World War II: The Movie
When the U.S. Army Air Forces needed 100,000 men to volunteer, General Hap Arnold recruited Hollywood.
- By Mark Betancourt
- Air & Space magazine, March 2012
Margaret Herrick Library/Academy Of Motion Picture Arts And Sciences
On a Sunday morning in march 1942, the commander of the U.S. Army Air Forces was sitting in his Washington, D.C. office with Jack Warner, vice president of Warner Bros. Studios. The United States had entered World War II the previous December, and Lieutenant General Henry “Hap” Arnold had spent the past four months shaping his air force into one of the most formidable in the world. Anticipating an air war on two fronts on opposite sides of the globe, the service was rolling out tens of thousands of new airplanes. Arnold needed men to fly them.
Arnold wanted 100,000 pilots, and he told Warner he needed a powerful recruitment movie. After that, he’d need effective training films to get all those recruits flying and fighting as soon as possible. To make all these movies, he proposed building a USAAF motion picture unit, staffed entirely with recruits from Hollywood.
Also in the room during that meeting was Owen Crump, a scriptwriter with a reputation, developed during a career in radio, for speed and accuracy. Since before Pearl Harbor, he and Warner had been making propaganda films for the military, intended to promote the armed forces to an American public reluctant to enter the war in Europe. Crump, who died in 1998, recalled the meeting in an interview recorded during 1991 and 1992 by the Academy of Motion Picture Arts and Sciences. He remembered that after Warner agreed to throw his studio’s weight behind the idea, Arnold turned to Crump and said, “You’re in this too”; he promised both men officers’ commissions on the spot.
On the airplane back to Hollywood, Crump wrote the script for Winning Your Wings, the recruitment film Arnold had commissioned; within days, it was in production. John Huston, who had recently made The Maltese Falcon, was brought on to direct it. Actor Jimmy Stewart, an accomplished pilot who had enlisted the previous year, was given orders to star as the film’s on-camera narrator. Stewart took his service in the Air Forces seriously, and thinking the studio had pulled him away for a publicity stunt, he arrived on set irate. Crump took Stewart across the street to a café and explained what he and Warner were up to. Stewart apologized for the blow-up, knocked out his scenes in a few days, and flew back to his post.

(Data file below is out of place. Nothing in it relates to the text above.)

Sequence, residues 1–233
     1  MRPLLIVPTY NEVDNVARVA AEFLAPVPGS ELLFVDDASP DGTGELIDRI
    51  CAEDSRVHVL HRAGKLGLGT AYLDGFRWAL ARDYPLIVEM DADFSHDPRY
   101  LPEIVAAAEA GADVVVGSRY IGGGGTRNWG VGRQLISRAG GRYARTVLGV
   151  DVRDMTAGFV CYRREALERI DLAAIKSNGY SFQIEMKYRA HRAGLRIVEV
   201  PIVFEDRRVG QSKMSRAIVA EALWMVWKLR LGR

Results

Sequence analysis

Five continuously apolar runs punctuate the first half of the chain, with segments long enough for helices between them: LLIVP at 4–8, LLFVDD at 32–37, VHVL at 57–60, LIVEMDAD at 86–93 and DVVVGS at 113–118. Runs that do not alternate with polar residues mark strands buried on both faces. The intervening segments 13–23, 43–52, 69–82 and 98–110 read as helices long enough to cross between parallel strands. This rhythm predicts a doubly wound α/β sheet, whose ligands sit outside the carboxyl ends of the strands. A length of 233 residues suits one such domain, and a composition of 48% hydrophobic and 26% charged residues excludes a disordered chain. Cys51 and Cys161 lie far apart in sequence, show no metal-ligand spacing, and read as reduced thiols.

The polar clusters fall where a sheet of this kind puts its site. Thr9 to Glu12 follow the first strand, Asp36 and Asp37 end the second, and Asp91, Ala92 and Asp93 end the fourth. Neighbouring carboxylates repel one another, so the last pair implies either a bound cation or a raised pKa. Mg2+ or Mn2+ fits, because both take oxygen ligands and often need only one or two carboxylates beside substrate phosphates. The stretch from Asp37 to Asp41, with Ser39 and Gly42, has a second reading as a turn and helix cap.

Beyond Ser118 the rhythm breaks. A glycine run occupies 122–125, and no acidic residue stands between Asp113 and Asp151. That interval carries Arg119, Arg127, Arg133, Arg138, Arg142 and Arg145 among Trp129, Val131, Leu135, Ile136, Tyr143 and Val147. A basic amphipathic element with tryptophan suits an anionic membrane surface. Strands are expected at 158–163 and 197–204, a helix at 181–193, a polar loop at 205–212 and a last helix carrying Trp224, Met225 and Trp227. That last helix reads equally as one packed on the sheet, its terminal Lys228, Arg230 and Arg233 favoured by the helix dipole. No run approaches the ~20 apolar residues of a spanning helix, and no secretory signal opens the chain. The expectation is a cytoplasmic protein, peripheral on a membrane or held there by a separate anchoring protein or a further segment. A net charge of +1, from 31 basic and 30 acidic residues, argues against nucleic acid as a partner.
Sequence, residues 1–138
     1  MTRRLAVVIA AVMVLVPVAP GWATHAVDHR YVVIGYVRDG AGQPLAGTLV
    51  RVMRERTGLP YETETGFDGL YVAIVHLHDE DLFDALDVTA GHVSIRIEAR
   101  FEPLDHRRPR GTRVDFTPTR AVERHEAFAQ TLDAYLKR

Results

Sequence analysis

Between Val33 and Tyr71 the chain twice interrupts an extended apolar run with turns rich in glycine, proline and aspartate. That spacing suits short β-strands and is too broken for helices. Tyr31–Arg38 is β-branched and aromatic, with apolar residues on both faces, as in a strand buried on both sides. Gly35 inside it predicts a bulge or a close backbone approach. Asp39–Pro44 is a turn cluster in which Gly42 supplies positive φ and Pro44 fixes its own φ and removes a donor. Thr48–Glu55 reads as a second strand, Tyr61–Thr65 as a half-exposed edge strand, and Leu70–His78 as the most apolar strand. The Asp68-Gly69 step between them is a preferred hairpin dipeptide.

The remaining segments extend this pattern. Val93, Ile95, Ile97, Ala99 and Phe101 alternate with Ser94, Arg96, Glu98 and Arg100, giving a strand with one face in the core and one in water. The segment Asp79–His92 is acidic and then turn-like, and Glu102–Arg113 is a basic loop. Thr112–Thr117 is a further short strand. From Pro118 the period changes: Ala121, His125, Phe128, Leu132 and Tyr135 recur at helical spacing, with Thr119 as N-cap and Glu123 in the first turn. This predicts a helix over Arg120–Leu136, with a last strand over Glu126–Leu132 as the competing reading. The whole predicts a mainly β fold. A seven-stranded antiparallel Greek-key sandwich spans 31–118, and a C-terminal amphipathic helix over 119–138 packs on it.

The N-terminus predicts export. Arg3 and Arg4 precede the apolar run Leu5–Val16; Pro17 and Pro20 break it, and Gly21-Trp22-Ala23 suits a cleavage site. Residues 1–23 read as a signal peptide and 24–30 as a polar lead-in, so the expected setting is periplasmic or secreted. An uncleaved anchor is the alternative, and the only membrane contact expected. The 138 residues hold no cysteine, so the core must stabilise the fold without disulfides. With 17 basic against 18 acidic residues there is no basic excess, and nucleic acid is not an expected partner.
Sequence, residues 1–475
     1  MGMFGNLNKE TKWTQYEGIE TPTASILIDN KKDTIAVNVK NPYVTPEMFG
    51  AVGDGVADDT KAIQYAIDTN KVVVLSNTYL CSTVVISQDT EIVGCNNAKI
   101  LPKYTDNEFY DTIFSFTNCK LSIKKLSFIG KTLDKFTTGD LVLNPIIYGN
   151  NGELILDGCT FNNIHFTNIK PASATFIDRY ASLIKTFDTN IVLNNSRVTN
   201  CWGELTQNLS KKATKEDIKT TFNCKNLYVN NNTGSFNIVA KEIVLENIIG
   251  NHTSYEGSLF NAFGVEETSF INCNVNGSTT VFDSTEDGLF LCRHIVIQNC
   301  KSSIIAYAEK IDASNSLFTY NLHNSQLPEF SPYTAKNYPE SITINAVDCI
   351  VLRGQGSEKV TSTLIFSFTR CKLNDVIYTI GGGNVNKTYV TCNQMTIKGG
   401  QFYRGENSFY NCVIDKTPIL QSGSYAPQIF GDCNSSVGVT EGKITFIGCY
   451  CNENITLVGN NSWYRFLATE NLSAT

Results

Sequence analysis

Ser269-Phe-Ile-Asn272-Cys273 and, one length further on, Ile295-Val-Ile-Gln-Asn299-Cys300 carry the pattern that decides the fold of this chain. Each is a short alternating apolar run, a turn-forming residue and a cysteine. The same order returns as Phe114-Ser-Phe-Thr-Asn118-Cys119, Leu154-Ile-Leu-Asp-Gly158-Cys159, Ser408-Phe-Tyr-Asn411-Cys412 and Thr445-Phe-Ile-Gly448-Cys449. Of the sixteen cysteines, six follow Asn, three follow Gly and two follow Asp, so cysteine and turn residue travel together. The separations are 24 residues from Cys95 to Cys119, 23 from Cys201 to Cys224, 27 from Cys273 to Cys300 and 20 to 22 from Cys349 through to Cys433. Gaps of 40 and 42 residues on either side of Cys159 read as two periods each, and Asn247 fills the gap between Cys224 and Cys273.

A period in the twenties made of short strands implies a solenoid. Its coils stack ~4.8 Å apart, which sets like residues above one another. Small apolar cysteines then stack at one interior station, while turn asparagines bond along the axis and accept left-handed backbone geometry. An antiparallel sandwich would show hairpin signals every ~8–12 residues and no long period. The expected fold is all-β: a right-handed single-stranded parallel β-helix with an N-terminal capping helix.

Winning Your Wings opens with Stewart flying aerobatics in a BT-13 Valiant trainer, which he then lands and taxis up to the camera. He radiates cool in his leather jacket and aviator sunglasses, and he waxes poetic about the importance of winning the war. The scene cuts to a young actress ditching her ground-bound Army date for a boy with wings on his jacket, as Stewart’s voice-over claims that flyboys always get the girl.
The film played in theaters all over the country—and more than 150,000 men signed up to join the Air Forces.
Requests from Washington for more recruitment movies started to pile up, and Warner and Crump realized the studio wouldn’t be able to satisfy its military obligations on top of its normal production schedule. They decided Crump would put together a separate studio devoted to serving the Air Forces. Warner gave Crump the idle Vitagraph Studios lot, where silent films had been made in the 1910s, and Crump set out to turn it into a military post.
Crump began recruiting from the Hollywood studios. A few other notable filmmakers, like director Frank Capra, had already joined the service (Capra was in the Army Signal Corps, which also made training and propaganda films), and Crump didn’t want all the good talent to enlist before he got his unit off the ground. He put an ad in the trade papers, and by the next day his office was flooded with applications from writers, directors, editors, animators, and composers, many of whom were established professionals willing to take a sizable pay cut to join the war effort. Future best-selling novelist Irving Wallace wrote scripts. Artist Wayne Thiebaud painted sets. Larry Ornstein, a trumpet player for the big bands, recorded the reveille that played each morning on the post public address system.